“I think they nailed the 2020 Top 10 list (of challenges, issues, and opportunities facing healthcare leadership.) I mean it, really every item on there would have been in the top of my list as well. I think that this group of people has really identified the top issues in the industry and gathered folks who are uniquely qualified to speak to them.” – Sara Stevens, VP of Healthcare Economics & Analytics Ops at Capital District Physicians’ Health Plan
“I think the word is it’s (HCEG’s Annual Forum) still intimate by design. We like to keep it roughly a hundred or so people. The last thing we wanted to be is a giant circus of people who don’t have the chance to share information and have an intimate discussion – so that’s by design.” – Richard Lungen, Managing Member at Leverage Health
A limited number of healthcare industry product and service vendors serve as sponsor partners to underwrite and assist with HCEG’s events, programming, and content. HCEG’s sponsor partners play a role unlike many vendors who sponsor other healthcare events. Rather than dominating speaker positions, exhibiting products in a booth, or littering HCEG’s physical and digital channels with sales messages, HCEG requires its sponsor partners to serve in a supportive, consultative role on a year-round basis.
Sponsor Partners of HCEG contribute to ongoing educational initiatives and benefit from increased visibility through our year-round thought leadership opportunities via:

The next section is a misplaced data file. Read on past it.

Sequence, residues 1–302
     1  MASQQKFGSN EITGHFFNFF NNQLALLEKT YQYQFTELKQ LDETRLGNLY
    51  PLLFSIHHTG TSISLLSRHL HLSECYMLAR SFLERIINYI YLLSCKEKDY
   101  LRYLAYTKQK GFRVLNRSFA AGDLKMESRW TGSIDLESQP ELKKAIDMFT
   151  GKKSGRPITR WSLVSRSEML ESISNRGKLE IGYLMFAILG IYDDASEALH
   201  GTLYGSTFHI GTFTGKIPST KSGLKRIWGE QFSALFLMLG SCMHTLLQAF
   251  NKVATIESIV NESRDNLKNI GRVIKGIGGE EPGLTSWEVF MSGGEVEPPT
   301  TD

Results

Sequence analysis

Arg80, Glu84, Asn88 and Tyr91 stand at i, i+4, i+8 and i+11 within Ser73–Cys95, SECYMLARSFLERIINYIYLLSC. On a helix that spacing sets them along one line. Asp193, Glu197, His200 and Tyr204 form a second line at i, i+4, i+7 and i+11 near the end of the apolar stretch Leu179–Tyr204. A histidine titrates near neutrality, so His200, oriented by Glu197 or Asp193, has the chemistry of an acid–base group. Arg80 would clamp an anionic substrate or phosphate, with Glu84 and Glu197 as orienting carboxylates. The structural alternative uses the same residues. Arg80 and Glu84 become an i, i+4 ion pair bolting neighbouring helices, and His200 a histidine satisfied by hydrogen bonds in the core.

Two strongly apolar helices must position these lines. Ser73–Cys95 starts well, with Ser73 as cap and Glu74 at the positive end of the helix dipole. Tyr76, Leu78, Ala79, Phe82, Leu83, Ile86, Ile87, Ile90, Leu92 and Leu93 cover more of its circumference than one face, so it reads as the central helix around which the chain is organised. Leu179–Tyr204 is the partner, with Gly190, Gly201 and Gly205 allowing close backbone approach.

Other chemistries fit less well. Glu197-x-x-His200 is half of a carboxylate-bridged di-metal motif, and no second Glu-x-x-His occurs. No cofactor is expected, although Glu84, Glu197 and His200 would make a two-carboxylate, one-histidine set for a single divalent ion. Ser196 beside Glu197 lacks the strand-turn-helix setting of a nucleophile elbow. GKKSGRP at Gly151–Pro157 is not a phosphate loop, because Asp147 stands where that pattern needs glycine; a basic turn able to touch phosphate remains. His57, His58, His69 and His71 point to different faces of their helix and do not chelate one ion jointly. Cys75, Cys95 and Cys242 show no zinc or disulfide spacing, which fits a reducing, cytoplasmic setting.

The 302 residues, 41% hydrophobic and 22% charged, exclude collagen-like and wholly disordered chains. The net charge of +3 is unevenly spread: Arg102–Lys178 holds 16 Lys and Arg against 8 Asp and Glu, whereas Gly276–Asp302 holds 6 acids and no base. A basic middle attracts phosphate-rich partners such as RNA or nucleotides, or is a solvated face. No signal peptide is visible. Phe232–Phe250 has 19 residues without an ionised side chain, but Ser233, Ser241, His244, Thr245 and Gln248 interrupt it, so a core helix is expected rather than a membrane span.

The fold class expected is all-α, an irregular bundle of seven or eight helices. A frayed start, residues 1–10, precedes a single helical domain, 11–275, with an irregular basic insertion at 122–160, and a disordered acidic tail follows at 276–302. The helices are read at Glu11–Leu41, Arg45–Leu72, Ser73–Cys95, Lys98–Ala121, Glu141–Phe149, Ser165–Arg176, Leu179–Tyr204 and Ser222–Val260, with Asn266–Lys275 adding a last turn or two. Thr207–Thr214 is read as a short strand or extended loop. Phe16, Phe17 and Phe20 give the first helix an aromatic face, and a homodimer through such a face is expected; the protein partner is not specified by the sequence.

Last year was a very busy year for the HealthCare Executive Group (HCEG.) In addition to hosting our 31st Annual Forum in our birthplace of Boston, Massachusetts, HCEG hosted two Executive Leadership Roundtables, presented the CIO & CTO Strategy Track at the 16th Annual World Health Care Congress, delivered seven webinars in conjunction with our sponsor partners, published 35 blog posts addressing challenges, issues, and opportunities facing healthcare leadership, and presented at several of our partner’s conferences and events.
Moreover, in 2019 HCEG became an Educational Partner with America’s Health Insurance Plans (AHIP) and a Collaboration Partner with the Health Information Management Systems Society (HIMSS.) For 2020, we have an equally insightful and interesting agenda of live, in-person and virtual events and content in store.
Looking Back at HCEG Events – Live, In-Person & Virtual Healthcare Innovation & Transformation
31st HCEG Annual Forum